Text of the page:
Table 1 Note the progression of mites dropped during each 10 seconds, without agitation, over the course of a total of 60 seconds of immersion in different liquids. With Dawn, I obtained a median total mite drop, without agitation, of 93%. The detergent considerably outperformed 91% alcohol (median 51% drop), which greatly surprised me.

So could Dawn actually outperform 91% alcohol? Incredulous, I ran another test, this time allowing the bee sample to sit in the 91% alcohol for a full minute at a time, repeating for a total of 3 minutes of immersion (Table 2).

Table 2 Even with three minutes of immersion in 91% alcohol, only half the mites hit the bottom.

It was clear that Dawn was outperforming alcohol. But how?

Why the Difference in Results with Alcohol?

I was flummoxed by why 91% alcohol performed so poorly, after getting nearly twice the rate of mite drop in a previous test. And then I realized that in my previous test, the bees were only one layer deep. The difference was apparently due to how thick the layer of bees is that the mites need to precipitate through after they release their grip.

  • In 91% alcohol, the bees and mites wet quickly and sink until they hit the screen, where they lie immobile. As the mites continue to release, half of them drop through the screen, but those that drop from the upper layers of bees get stuck in the bee bodies below.
  • In Dawn detergent, the bees wet, but take a while to sink. During the first 30 seconds, they move around. That apparently allows the mites to precipitate down through the moving bees. When I do the math for the Dawn test in Table 1, a median of 88% of the mites dropped from the bees without agitation in the first 40 seconds.

Practical application: When using Dawn, most of the mites drop to the bottom of the cup in the first 60 seconds, due to the movement of the bees themselves. After that, only minimal agitation — swirl action, not shaking — is necessary to precipitate the rest of the mites. Take-home: Allow the bees to set in the cup for at least a minute before you begin agitation.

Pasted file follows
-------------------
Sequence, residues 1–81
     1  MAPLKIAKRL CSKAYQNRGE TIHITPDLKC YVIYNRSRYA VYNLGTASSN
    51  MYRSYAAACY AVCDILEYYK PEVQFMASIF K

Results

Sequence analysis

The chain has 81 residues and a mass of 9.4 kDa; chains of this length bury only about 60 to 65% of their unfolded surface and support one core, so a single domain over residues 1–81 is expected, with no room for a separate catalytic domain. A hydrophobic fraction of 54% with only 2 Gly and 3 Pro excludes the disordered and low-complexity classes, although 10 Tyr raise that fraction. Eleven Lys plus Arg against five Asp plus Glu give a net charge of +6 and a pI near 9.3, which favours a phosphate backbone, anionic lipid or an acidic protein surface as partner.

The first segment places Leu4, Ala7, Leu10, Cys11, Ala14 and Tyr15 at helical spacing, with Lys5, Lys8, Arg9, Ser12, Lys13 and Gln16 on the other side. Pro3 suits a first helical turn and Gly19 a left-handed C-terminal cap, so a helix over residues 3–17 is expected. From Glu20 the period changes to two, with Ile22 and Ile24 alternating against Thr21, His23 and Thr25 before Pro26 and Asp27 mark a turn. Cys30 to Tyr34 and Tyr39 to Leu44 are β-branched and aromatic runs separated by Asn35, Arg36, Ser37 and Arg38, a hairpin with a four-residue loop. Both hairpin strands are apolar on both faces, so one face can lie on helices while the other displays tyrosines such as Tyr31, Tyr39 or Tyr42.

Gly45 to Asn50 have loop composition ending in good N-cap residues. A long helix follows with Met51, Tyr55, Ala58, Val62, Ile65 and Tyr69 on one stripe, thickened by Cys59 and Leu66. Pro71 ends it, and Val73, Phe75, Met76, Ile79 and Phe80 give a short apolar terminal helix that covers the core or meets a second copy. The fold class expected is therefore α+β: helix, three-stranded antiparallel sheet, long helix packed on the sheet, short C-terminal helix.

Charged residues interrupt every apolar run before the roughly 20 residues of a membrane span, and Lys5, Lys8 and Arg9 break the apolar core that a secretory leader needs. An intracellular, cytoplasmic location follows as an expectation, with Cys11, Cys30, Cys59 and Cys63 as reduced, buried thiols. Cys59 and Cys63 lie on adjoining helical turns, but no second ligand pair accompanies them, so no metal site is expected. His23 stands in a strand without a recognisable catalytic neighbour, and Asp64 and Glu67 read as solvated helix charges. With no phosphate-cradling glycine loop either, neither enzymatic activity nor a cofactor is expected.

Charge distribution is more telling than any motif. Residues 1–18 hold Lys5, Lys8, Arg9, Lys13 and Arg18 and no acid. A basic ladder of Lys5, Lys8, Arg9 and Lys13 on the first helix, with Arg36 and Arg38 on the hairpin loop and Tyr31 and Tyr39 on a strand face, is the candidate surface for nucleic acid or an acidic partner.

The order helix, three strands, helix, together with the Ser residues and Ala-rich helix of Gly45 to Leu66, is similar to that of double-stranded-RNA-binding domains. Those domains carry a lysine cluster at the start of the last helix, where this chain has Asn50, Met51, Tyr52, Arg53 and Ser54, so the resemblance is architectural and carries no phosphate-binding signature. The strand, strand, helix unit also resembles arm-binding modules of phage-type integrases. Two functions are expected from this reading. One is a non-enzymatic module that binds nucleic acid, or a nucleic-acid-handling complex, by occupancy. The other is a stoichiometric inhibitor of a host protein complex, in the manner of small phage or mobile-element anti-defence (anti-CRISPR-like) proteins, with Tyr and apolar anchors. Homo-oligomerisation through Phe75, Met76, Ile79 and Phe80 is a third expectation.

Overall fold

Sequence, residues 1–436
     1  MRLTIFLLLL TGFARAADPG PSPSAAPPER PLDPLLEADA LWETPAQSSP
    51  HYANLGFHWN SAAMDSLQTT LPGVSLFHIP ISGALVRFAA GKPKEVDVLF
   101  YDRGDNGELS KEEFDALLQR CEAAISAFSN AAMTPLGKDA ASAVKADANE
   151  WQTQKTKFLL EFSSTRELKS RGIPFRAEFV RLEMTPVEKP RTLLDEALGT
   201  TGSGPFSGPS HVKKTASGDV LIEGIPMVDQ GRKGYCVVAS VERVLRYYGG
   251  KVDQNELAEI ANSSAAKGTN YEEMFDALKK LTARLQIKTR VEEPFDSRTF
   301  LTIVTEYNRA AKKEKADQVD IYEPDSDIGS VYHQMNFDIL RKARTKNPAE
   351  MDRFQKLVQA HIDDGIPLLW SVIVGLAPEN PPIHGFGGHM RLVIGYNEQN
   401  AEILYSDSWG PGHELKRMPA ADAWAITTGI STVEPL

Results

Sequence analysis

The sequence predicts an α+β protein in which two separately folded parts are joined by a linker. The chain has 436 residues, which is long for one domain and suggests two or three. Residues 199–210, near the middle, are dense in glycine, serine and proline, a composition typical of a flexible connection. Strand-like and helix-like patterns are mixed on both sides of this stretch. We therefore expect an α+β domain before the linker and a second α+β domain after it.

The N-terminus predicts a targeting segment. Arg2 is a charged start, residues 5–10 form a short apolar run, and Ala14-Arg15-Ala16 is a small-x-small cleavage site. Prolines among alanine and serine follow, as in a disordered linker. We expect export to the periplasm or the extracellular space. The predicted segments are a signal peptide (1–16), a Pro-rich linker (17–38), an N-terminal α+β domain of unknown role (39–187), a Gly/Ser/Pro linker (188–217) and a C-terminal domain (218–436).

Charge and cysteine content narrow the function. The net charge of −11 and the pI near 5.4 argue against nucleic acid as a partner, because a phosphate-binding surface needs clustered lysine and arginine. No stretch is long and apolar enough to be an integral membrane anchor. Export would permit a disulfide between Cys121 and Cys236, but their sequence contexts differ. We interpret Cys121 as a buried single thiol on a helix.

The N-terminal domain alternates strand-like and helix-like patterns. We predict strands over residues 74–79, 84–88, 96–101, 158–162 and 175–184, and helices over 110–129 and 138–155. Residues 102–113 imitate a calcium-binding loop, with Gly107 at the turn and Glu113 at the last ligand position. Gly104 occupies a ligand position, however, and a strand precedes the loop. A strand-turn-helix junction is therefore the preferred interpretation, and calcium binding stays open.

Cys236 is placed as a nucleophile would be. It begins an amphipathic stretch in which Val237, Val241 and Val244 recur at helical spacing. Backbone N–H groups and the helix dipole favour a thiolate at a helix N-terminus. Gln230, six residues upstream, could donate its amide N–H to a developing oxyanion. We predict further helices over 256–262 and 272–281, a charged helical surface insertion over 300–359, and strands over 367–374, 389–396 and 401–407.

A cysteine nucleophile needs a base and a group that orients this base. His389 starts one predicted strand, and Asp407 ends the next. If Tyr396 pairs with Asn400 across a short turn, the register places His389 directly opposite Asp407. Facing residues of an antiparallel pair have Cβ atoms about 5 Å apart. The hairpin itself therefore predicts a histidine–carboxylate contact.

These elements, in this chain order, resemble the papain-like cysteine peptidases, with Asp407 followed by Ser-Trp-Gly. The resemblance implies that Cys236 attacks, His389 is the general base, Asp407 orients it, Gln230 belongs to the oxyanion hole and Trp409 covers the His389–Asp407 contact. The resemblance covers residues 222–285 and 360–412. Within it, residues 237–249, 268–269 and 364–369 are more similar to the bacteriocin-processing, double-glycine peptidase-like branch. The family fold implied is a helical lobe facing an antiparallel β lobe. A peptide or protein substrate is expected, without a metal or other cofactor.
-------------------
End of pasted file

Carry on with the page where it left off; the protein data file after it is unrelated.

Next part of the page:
Results of the Tests

OK, now to the real meat of the issue — how do the various liquids compare when you add agitation? I used my mechanical agitators to provide a standardized circular agitation of 300 revolutions over 60 seconds.

The graphs below summarize over 130 different mite agitations. Rather than giving you a bunch of numbers, box plots, and statistical analysis, I decided to present the data as normalized histograms (so each color of columns adds up to 100% of the reps for each release agent). A histogram is a frequency distribution, allowing anyone to use their own eyes to detect a pattern, and to see the amount of variation. The more sensitive the release agent, the further to the right the columns will be. I’ve included for reference a vertical dotted line to indicate recovery of better than 95% of the mites (Figures 12-15).

Fig. 12 The sugar roll clearly requires vigorous shaking (red) in order to recover a high percentage of the mites; gentle shaking (blue) doesn’t do it. Note that even when I carefully performed sugar roll/shakes with very vigorous up-down shaking, in two of the samples I obtained 70% or less mite recovery, which might seriously underestimate the actual infestation rate. In only two of ten reps did I obtain 95% mite recovery.